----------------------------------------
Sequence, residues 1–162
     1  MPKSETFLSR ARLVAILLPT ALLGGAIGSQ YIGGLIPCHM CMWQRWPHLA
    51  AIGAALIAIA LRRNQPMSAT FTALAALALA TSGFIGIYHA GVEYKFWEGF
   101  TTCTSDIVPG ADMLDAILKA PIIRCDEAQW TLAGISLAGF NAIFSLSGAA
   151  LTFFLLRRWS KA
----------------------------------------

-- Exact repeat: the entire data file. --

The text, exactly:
Sequence, residues 1–162
     1  MPKSETFLSR ARLVAILLPT ALLGGAIGSQ YIGGLIPCHM CMWQRWPHLA
    51  AIGAALIAIA LRRNQPMSAT FTALAALALA TSGFIGIYHA GVEYKFWEGF
   101  TTCTSDIVPG ADMLDAILKA PIIRCDEAQW TLAGISLAGF NAIFSLSGAA
   151  LTFFLLRRWS KA